Oral Alternative: Ozanimod

New Treatment for IBD in Clinical Trials: Ozanimod

New IBD Medication Designed to Block Sources of Inflammation

What is Ozanimod ?

Ozanimod is one of the latest drugs being developed to treat autoimmune conditions. It was discovered by scientists at The Scripps Research Institute, who have partnered with biopharmaceutical company Celgene to bring the drug through trials and FDA approval.

The new drug is not just for IBD. In fact, Ozanimod has already entered into phase III clinical trials for treating multiple sclerosis (MS) by slowing brain atrophy. It is expected to hit the market in late 2018 for the treatment of MS, after FDA approval.

Ozanimod molecular structure ball and stick model. Wikimedia commons.


What does Ozanimod do?

Technically speaking, Ozanimod is a sphingosine 1-phosphate 1 (S1PR1) receptor antagonist. S1PR1 is a protein involved in regulating endothelial cells and immune response modulation.

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You may already be familiar with the names of a few receptor antagonists available as IBD treatment options. Like Ozanimod , Vedolizumab and Natalizumab are also receptor antagonists. While they target different mechanisms and receptors, all of these drugs work to dampen a biologic response by blocking a receptor rather than activating it. By inhibiting the S1PR1 receptor, Ozanimod modulates the body’s immune response by decreasing the number of lymphocytes in the gastrointestinal tract.

Studies on Ozanimod for IBD

Many of the studies on Ozanimod and IBD to date have been conducted on animals, but so far, the evidence looks promising. Researchers have concluded that Ozanimod is well tolerated and is a promising treatment for chronic inflammatory diseases.

Furthermore, Ozanimod showed robust efficacy in suppressing inflammatory cytokines and reducing lymphocytes when compared to anti-TNF therapy (Humira, Simponi, Cimzia, Remicade).

The first phase II study for ulcerative colitis, (the TOUCHSTONE study), evaluated Ozanimod in 197 patients with moderate to severe ulcerative colitis. At 8 months, remission rates were 21% and 26% in patients taking 1 and 0.5 mg of Ozanimod , respectively, with only 6% of patients entering remission in in the placebo group.

What is Ozanimod's Current Status?

Ozanimod is currently in different clinical phases depending on the condition that it treats.

Phase III trials are already underway to evaluate Ozanimod for ulcerative colitis. This means that clinical researchers and physicians are testing the drug on patients with UC to assess its efficacy, safety, and dosing. Already having shown that the drug is safe and has an effect, the ultimate goal in phase III trials is to evaluate drug’s therapeutic effect (on anywhere between 300 and 3,000 patients) before making it available on the market.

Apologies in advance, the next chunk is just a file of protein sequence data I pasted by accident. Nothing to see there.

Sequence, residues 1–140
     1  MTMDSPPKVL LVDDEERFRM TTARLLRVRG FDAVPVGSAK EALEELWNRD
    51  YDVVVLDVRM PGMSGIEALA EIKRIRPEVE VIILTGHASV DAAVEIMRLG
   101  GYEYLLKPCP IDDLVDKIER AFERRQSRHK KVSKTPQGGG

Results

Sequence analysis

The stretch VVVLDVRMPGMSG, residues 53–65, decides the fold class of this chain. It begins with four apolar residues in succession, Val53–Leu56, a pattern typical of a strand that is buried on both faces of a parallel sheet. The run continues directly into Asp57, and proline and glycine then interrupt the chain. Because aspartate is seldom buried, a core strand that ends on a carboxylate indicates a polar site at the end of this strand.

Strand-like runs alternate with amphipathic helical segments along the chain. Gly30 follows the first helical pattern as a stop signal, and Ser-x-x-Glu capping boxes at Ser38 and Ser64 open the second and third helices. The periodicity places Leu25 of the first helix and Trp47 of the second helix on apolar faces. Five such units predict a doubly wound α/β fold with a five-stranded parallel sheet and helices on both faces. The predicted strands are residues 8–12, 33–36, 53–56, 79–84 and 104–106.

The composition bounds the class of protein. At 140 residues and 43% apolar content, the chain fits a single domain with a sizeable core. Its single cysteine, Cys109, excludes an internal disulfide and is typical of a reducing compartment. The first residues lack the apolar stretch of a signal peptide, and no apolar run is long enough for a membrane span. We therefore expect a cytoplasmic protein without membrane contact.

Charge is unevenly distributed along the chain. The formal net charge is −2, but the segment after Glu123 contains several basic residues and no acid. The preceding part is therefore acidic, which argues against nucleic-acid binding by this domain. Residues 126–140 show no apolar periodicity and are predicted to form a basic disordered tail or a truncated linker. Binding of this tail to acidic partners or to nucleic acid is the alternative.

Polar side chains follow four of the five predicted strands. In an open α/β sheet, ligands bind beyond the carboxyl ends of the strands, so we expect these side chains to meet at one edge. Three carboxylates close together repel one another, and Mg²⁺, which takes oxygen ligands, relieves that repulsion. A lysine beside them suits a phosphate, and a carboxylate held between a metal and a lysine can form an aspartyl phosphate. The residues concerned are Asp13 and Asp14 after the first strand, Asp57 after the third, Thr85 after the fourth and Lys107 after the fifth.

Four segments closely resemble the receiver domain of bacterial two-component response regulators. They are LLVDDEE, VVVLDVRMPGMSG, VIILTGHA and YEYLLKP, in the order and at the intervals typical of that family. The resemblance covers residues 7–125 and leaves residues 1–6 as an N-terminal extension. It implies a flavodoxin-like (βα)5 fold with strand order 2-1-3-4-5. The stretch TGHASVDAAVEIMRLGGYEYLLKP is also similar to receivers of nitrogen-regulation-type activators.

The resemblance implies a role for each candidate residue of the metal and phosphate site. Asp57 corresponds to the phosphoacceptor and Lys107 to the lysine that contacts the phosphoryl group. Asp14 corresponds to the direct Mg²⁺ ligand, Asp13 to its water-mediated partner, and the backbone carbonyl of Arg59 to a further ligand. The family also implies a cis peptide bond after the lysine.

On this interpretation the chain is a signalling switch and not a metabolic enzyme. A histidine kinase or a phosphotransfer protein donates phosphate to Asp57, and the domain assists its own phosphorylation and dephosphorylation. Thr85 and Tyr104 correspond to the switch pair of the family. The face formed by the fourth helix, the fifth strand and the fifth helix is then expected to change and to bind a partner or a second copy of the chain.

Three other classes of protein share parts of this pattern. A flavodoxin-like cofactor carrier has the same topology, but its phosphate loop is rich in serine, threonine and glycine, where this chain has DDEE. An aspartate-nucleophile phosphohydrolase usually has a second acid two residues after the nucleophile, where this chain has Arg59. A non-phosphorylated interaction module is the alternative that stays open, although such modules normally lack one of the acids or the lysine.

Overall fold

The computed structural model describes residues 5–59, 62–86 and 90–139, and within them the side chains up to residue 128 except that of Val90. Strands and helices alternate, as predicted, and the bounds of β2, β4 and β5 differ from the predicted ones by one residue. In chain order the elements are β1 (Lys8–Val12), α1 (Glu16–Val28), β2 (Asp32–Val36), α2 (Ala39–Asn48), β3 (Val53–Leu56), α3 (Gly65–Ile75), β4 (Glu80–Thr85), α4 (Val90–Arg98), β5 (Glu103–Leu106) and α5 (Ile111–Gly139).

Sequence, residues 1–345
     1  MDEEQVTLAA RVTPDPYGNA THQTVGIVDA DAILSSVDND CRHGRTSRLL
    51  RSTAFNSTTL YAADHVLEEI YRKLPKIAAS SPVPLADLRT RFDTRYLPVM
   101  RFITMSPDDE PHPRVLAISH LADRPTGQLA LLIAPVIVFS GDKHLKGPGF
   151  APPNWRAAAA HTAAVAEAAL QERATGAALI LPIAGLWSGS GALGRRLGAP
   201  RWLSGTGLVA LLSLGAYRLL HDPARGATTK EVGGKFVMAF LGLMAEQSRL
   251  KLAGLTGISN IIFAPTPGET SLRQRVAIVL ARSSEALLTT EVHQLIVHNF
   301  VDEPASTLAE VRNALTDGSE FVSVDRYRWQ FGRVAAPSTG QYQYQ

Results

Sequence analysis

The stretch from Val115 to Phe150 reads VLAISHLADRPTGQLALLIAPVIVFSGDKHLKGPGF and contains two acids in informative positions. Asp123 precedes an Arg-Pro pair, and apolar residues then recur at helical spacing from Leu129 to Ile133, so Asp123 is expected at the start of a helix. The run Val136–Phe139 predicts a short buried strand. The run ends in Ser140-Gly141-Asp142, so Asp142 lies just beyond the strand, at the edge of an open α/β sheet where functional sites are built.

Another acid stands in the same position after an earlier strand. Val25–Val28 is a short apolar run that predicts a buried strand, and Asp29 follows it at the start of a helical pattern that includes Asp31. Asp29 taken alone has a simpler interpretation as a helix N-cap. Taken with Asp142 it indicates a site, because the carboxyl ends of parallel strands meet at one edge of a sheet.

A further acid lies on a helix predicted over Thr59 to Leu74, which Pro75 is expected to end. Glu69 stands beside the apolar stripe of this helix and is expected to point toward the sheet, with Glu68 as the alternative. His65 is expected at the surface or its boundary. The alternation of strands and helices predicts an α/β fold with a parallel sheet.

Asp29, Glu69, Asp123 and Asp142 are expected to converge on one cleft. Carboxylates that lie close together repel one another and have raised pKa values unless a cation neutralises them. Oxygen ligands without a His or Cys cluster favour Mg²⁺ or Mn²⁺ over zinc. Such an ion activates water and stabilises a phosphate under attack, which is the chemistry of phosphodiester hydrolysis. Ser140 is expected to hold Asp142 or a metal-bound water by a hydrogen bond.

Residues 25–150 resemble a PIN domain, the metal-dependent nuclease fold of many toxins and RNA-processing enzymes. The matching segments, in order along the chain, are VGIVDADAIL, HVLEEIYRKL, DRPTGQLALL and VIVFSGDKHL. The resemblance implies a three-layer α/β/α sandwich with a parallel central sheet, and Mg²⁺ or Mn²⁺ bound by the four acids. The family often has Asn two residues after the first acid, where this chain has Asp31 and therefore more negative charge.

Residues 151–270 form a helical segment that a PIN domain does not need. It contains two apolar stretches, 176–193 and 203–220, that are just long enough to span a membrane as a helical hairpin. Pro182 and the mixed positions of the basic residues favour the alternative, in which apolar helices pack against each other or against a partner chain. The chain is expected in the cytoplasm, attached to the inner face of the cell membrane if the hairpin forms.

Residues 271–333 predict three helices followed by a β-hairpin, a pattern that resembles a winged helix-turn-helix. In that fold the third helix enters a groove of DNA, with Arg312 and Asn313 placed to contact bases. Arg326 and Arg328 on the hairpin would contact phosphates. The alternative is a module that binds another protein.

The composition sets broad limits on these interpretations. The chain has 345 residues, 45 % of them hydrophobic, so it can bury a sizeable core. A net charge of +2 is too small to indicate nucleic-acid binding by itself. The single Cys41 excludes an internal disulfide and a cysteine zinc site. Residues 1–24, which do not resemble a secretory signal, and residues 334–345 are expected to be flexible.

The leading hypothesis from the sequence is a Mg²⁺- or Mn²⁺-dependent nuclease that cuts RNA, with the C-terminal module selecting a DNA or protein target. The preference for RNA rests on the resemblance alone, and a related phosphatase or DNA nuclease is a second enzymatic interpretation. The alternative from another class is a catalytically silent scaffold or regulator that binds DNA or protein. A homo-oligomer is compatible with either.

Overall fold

In late 2017, Celgene released phase II clinical trial data on studies that examined Ozanimod for Crohn’s Disease, and they just began phase III trials in early 2018. Moving forward, Celgene will continue to test for other potential autoimmune uses (including dermatological and rheumatological conditions).

Does Ozanimod Treat Crohn’s Disease?

Yes—Ozanimod has just entered into phase III clinical trials for Crohn’s Disease.

Does Ozanimod Treat Ulcerative Colitis?

Yes—currently, Ozanimod is being tested in phase III clinical trials for ulcerative colitis.

How Can I Learn More About Ozanimod ?

Learn more about Ozanimod and determine whether you can participate in an Ozanimod clinical trial near you by taking a short quiz on Discovertherapies.com


(2018). Ozanimod Successful in Clinical Trials for Multiple Sclerosis. The Scripps Research Institute. Retrieved from https://www.scripps.edu/news/press/2017/20171109ozanimod.html
Ostrowski, Jeff. (2017 November 10). Scripps hopes for royalty windfall from potential blockbuster drug. myPalmBeachPost. Retrieved from https://www.mypalmbeachpost.com/business/scripps-hopes-for-royalty-windfall-from-potential-blockbuster-drug/R8umNRqVcrDA2WpdjnBERI/.
Scott, F. L., Clemons, B., Brooks, J., Brahmachary, E., Powell, R., Dedman, H., … Peach, R. J. (2016). Ozanimod (RPC1063) is a potent sphingosine‐1‐phosphate receptor‐1 (S1P1) and receptor‐5 (S1P5) agonist with autoimmune disease‐modifying activity. British Journal of Pharmacology, 173(11), 1778–1792. http://doi.org/10.1111/bph.13476
Tran, J. Q., Hartung, J. P., Peach, R. J., Boehm, M. F., Rosen, H., Smith, H., … Frohna, P. A. (2017). Results From the First‐in‐Human Study With Ozanimod, a Novel, Selective Sphingosine‐1‐Phosphate Receptor Modulator. Journal of Clinical Pharmacology, 57(8), 988–996. http://doi.org/10.1002/jcph.887
Lee, H. S., Park, S.-K., & Park, D. I. (2018). Novel treatments for inflammatory bowel disease. The Korean Journal of Internal Medicine, 33(1), 20–27. http://doi.org/10.3904/kjim.2017.393

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